To guide the practice of senior child protection workers – Family and Domestic Violence (SCPW-FDV) in the Family and Domestic Violence Response Teams (FDVRTs) and Men's Domestic Violence Helpline (MDVHL) who are responsible for triage of Category two, Family Violence Incident Reports where children are identified. It provides information about the role of the SCPW-FDV in the FDVRT and the role of the MDVHL, including their relationship to the Metropolitan Central Intake Team and the district office.
The entry does not include practice information about identifying and responding to family and domestic violence (FDV) as this is covered in other entries within this chapter.
 In the regions the SCPW-FDV may also be triaging category 2 FVIRs with children until alternative arrangements can be negotiated.
 Metropolitan districts and Peel only, although alternative arrangements may be negotiated in the future.
The FDVRT is a partnership between the Department of Communities (the Departement), WA Police and non-government domestic violence services. The role of the FDVRT is to provide a coordinated and collaborative response to FDV.
Exposure to FDV is a form of child abuse that places children at high risk of emotional and physical harm and neglect. The FDVRT focuses on early intervention through improved information sharing and processes for joint assessment, triage and coordinated case management of families identified in DVIRs.
The role of the SCPW-FDV is to partner with WA
Police and domestic violence services to assess and respond to category 1 FVIRs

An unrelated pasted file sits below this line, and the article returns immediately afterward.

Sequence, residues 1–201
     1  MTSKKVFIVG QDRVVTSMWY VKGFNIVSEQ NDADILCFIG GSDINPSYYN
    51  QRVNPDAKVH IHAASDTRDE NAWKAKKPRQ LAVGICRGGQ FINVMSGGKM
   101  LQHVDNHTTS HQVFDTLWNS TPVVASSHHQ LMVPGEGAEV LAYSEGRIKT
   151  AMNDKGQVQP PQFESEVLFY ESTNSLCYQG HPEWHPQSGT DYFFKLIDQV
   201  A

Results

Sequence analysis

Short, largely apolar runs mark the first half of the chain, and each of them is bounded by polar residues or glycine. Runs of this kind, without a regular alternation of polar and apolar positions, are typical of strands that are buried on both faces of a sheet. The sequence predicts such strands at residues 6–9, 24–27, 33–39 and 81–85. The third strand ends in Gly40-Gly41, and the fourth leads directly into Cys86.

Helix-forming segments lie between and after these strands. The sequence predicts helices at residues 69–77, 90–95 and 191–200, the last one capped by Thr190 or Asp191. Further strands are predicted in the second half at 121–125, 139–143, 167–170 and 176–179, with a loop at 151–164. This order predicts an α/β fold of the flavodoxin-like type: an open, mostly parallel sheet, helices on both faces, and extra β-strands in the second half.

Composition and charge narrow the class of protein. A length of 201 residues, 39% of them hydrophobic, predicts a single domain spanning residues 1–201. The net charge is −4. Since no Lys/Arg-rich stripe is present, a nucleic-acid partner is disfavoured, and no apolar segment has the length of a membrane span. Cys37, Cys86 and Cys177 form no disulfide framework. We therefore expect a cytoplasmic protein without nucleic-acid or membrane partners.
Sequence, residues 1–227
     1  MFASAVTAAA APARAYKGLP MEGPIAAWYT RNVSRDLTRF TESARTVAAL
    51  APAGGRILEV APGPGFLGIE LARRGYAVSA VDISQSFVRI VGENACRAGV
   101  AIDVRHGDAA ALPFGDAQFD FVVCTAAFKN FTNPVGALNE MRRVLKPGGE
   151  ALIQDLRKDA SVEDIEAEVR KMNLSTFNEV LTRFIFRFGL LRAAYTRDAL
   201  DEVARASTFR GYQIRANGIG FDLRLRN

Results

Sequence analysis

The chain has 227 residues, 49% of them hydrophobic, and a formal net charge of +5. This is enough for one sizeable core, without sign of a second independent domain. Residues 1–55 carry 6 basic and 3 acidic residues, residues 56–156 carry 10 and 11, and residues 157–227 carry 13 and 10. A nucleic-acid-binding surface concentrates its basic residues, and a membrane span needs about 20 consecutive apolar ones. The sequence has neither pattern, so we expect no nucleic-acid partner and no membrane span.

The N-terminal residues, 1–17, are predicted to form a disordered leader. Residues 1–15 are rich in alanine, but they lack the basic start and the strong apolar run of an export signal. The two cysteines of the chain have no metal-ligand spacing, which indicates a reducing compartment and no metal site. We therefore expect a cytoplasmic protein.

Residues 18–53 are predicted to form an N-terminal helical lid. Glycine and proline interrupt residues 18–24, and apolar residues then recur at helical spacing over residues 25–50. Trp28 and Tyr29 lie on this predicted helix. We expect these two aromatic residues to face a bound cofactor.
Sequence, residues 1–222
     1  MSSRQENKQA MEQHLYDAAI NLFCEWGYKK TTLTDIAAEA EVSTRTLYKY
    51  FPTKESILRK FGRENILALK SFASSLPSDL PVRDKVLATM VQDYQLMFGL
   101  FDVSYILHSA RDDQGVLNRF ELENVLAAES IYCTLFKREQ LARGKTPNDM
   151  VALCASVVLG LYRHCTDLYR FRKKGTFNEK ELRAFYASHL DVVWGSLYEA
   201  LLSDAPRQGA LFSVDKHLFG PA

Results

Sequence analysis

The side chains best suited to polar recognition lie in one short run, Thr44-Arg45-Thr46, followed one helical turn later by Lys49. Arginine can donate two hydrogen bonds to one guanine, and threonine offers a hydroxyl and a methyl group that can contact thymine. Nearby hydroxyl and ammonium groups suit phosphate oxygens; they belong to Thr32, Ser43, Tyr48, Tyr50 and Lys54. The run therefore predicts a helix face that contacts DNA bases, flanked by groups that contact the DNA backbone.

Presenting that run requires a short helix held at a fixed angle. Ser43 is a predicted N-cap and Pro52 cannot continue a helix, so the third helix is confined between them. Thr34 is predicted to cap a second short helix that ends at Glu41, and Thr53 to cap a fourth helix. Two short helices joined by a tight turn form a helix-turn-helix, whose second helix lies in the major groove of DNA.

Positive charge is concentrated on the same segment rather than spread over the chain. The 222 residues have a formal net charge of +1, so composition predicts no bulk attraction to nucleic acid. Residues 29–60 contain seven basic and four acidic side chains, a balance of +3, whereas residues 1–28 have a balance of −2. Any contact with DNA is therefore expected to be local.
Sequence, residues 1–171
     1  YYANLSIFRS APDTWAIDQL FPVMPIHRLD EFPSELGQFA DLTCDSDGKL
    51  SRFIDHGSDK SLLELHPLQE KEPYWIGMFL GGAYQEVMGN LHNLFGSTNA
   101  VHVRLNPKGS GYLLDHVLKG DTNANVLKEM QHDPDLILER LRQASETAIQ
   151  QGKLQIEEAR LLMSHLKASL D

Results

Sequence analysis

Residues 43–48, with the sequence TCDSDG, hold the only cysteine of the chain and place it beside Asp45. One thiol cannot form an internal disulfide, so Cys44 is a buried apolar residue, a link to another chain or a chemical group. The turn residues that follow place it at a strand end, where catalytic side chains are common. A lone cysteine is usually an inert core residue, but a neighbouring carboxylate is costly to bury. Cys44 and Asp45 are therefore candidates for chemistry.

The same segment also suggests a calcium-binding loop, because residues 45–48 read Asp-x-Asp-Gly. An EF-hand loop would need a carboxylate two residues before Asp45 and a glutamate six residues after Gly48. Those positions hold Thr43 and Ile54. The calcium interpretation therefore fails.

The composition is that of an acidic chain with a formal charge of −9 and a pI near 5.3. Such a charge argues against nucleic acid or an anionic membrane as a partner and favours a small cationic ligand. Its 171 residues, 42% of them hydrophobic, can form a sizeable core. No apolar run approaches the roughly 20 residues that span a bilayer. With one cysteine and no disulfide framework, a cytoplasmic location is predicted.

where children were identified as present or known to reside. The role of the
MDVHL is to assess and respond to category 2, FVIRs where children have been
identified (metropolitan and Peel districts). Both the SCPW-FDV and MDVHL will
provide a conduit to the district office for FVIRs pertaining to open cases;
and the Metropolitan Central Intake Team for those that require intake for
further child protection assessment and action or family support.
SCPW-FDV and MDVHL access FDVIRs from the Triage Application. Refer to the FDVRT Triage User Guide (in related resources) for guidance about accessing and using the system. For information about how WA Police define FDV refer to Police Definitions for Reporting FDV - WA Police (in related resources).
Where a FDVIR relates to a family that is a current open case to us, the SCPW-FDV and MDVHL worker should publish the FVIR to an open interaction and add the case worker's name in the 'Assigned To' field. Refer to the FDVRT Triage User Guide (in related resources) for further guidance. It is the case worker's responsibility to conduct the initial assessment, determine appropriate next actions and close the interaction in Assist.
Where a FVIR relates to a child abuse matter, including a crime perpetrated against a child, the SCPW-FDV or MDVHL worker must as a matter of priority:
The FDVRT conducts joint assessment and triage of all category 1 FVIRS. In some regional locations the FDVRT will also triage category 2 FVIRs that include children. The SCPW-FDV is involved in joint assessment and triage of category 1 (and where relevant, category 2) FVIRs, that include children. MDVHL is involved in the triage of category 2 FVIRs that include children across the metropolitan and Peel districts. The joint assessment process is underpinned by the Common Risk Assessment and Risk Management Framework (in related resources).
The SCPW-FDV should contribute the following information to the FDVRT for joint assessment of DVIRs:
If the family identified in the FVIR is Aboriginal, the SCPW-FDV should consult with the Aboriginal Practice Leader (or other relevant Aboriginal officer), as appropriate.
The FDVRT should make joint/collaborative decisions about which FVIRs receive a response and the FDVRT agency responsible for providing follow-up with the family.
Domestic Violence Helpline will review and triage category 2 FVIRs with children metropolitan and Peel districts, and: